United States v. Johnson, No. 08-5245-cr (2d Cir. August 2, 2010) (Cabranes, Parker, CJJ, Amon, DJ)
In this split decision, the majority held that a conviction for the Connecticut offense of “Rioting at a Correctional Institution” is a “violent felony” under the “otherwise involves” clause of the Armed Career Criminal Act (“ACCA”).
In getting there, the majority looked beyond the statute’s title – which “suggests an obvious answer ” – to examine the conduct that the statute actually proscribes. The Connecticut statute provides that a person is “guilty of rioting at a correctional institution when he incites, instigates, organizes, connives at, causes, aides, abets, assists or takes part in any disorder, disturbance, strike, riot or other organized disobedience to the rules and regulations of such institution.” Connecticut courts have “clarified” the meaning of the statute, holding that it is “specifically directed” at those who lead or plan prison disturbances and those who “follow in the proscribed activity.”
In Begay, the Supreme Court held that the “otherwise involves” clause applies only to offenses that are similar “in kind” as well as “in degree of risk posed” to the offenses that are listed in ACCA – burglary, arson, extortion, and the use of explosives.
First, for “in kind” similarity, the test is whether the conduct proscribed by the statute “typically involves purposeful, violent and aggressive behavior.” The court held that the rioting statute satisfies this test, rejecting the defendant’s argument that the statute could cover “many forms of passive and nonviolent conduct.” The court found that it was not a strict liability statute, but rather required proof of “general intent,” which satisfied the “purposeful conduct” requirement of Begay. The court also had “little doubt” that rioting at a correctional institution “typically involves” violent and aggressive conduct. In every reported decision under the statute, the conduct involved either use of a weapon or injury to another person, or both.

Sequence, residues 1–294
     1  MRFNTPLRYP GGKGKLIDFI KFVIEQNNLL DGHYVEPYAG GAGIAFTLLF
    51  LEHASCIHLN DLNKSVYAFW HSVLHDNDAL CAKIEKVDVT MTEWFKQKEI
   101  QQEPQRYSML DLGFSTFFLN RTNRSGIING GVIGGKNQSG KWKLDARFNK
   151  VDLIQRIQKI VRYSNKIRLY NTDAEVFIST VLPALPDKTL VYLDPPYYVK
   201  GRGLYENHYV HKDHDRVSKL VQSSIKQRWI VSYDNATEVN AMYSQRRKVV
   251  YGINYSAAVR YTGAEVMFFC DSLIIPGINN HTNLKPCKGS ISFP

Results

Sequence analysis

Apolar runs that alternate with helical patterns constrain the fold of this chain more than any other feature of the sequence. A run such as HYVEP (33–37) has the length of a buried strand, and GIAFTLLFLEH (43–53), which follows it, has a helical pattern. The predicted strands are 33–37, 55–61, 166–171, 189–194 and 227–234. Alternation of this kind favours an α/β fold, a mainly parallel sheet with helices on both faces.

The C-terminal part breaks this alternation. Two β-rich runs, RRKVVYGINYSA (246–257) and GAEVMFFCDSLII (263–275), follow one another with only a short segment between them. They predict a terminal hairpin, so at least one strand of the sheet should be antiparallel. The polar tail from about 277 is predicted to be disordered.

To the majority, it did not matter that some arguably nonviolent conduct – such as a hunger strike – might violate the statute, or that some unreported cases might have involved nonviolent conduct. Under the majority’s reading of the statute, each of the acts proscribed by the statute “typically involves violent and aggressive behavior.” To find that the Connecticut statute was not categorically violent would require a realistic probability, not a theoretical possibility, that the state would apply the statute to nonviolent conduct. But the majority found no evidence that Connecticut “regularly” applies the statute to nonviolent conduct.
The majority had an even easier time on the “degree of risk” analysis. The statute “in the ordinary case” presents a serious potential risk of injury to another because prisons are “inherently dangerous institutions” and the conduct proscribed by the rioting statute “renders confrontation with guards or other law enforcement authorities a virtual certainty.”
Judge Parker dissented. In his view, the majority incorrectly concluded that each of the acts proscribed by the Connecticut statute is violent. In fact, the statute “sweeps broadly,” punishing such nonviolent infractions as “disregarding an order to move, engaging in a work stoppage, or counseling another inmate to disobedience.” Judge Parker would have applied the “modified categorical approach” and required the government to “show what part of the statute Johnson actually violated.” To him, unless the underlying conviction had been for “actually rioting,” it is “far from obvious that such an offense” is an ACCA predicate.